Important Tax Cases: Container Corp. v. Franchise Tax Board and the Constitutionality of Combined Reporting
June 14, 2005
Some states employ something called the “unitary business” principle when determining corporate taxable income (also called combined reporting). This principle basically says that a unitary business has to report all its worldwide income to the state, even if the unitary business is divided into numerous subdivisions and affiliates located all over the world. This practice was upheld by the U.S. Supreme Court in the case of Container Corp. v. Franchise Tax Board.
Container Corp., a Delaware corporation headquartered in Illinois, omitted income from its foreign subsidiaries when reporting its income to California, where it did business and was required to pay tax. California, which uses the “unitary business” principle, required Container to include the income from its foreign affiliates, and litigation ensued. Container claimed that the U.S. Constitution restricted California from taxing value earned outside its borders.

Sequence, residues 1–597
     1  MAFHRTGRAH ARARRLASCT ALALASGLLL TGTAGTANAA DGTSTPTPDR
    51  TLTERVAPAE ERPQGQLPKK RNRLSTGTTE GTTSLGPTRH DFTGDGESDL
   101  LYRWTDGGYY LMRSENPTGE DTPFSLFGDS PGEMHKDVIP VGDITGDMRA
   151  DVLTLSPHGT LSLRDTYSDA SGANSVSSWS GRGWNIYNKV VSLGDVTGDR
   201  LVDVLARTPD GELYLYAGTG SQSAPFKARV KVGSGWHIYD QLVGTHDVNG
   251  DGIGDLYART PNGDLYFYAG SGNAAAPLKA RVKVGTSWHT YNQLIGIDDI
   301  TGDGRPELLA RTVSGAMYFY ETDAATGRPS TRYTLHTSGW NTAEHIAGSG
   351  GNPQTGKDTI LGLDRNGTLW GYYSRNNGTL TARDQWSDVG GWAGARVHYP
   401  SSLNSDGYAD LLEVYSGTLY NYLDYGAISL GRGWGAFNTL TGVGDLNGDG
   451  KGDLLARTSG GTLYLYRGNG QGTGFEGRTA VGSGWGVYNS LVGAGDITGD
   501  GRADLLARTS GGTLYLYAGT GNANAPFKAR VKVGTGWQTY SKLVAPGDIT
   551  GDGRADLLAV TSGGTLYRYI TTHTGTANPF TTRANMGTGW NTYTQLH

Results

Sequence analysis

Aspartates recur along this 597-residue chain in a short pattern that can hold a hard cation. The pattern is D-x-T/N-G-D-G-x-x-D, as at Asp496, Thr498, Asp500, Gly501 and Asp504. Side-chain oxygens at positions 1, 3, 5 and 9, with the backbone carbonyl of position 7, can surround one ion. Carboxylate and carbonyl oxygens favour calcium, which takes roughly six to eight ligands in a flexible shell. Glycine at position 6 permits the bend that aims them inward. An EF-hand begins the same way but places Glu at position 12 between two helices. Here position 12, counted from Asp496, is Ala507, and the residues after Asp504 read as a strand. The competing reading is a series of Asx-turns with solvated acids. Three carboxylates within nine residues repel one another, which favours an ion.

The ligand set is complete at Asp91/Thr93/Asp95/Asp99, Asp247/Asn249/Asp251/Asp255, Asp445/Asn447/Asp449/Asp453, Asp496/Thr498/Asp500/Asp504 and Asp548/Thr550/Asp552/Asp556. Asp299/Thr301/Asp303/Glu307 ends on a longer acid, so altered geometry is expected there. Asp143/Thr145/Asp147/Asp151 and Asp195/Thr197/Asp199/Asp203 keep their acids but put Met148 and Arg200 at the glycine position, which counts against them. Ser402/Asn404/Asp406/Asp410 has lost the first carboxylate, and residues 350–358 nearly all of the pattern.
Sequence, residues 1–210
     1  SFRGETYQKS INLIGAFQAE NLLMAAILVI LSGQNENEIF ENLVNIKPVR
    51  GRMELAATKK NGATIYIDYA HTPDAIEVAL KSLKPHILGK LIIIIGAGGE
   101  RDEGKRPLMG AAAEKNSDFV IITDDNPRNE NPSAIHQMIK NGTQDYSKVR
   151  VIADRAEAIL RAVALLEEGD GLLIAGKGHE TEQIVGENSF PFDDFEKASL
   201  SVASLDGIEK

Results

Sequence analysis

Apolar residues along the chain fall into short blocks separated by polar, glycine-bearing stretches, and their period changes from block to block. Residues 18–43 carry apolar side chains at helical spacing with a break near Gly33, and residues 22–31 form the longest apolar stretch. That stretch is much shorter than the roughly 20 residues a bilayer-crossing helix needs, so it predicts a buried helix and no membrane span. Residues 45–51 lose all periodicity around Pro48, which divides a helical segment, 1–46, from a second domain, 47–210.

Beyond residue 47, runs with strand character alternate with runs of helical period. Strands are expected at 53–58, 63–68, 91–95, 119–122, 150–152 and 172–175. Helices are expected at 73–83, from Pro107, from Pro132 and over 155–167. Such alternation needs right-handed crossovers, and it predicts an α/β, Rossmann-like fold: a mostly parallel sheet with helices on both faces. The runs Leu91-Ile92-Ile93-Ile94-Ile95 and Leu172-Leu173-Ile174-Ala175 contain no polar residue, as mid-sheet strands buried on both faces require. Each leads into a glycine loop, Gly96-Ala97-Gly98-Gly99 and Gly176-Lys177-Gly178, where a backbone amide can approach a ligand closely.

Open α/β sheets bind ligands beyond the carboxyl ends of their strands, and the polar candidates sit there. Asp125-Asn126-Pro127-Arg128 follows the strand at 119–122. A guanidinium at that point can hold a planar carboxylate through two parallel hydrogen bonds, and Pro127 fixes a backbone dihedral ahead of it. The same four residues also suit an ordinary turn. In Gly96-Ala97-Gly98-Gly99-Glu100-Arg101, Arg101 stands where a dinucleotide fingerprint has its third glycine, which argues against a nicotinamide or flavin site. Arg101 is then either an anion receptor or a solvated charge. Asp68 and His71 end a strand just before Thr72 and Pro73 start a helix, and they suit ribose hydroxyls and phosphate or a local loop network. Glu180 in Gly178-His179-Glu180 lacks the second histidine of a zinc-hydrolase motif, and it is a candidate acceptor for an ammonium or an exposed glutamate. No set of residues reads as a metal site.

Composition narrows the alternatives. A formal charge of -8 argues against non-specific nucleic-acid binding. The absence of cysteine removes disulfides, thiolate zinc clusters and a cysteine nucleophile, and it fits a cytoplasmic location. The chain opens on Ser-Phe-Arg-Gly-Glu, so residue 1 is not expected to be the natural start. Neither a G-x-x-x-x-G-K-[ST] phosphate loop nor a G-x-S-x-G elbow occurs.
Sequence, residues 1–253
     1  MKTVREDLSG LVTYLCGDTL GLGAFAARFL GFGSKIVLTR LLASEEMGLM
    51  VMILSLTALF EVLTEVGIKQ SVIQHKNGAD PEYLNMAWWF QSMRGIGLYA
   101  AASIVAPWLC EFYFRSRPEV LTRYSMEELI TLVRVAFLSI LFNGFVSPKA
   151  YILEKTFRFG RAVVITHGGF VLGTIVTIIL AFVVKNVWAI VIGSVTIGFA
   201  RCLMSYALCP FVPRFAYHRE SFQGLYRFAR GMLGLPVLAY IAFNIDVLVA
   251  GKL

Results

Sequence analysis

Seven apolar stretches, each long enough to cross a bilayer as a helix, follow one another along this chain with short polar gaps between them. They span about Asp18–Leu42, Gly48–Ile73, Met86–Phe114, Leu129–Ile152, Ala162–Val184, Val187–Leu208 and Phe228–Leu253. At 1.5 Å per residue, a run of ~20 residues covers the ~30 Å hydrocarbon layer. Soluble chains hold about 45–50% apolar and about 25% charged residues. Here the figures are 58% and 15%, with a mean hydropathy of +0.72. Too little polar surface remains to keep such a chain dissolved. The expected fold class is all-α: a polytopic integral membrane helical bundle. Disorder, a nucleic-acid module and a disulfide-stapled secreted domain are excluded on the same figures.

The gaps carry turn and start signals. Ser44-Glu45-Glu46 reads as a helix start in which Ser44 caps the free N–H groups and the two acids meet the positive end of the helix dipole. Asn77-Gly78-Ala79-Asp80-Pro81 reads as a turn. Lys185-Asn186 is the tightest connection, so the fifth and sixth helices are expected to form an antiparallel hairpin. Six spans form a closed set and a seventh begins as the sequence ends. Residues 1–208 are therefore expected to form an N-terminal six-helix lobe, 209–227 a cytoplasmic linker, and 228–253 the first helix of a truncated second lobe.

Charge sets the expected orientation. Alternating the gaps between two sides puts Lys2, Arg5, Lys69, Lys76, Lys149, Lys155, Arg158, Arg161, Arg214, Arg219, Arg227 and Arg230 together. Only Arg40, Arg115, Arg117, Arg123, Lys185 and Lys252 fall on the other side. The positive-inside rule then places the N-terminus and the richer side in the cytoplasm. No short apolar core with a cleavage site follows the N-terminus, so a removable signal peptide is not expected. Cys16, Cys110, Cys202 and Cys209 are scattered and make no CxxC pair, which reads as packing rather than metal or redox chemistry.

Writing for the Court, Justice William Brennan upheld the unitary business principle. California’s combined reporting scheme, Brennan argued, did not run afoul of the Constitution because it was a reasonable approximation of the activity of Container Corp.’s activity inside California and did not seek to tax more than California’s fair share of Container Corp’s income.
In dissent, Justice Powell wrote that the unitary business principle ran afoul of the Foreign Commerce Clause, which requires the U.S. to speak with “one voice” on issues relating to international relations. Since California’s unitary business principle differed from federal tax rules, it created confusion for international dealings and threatened to expose companies like Container to double taxation overseas.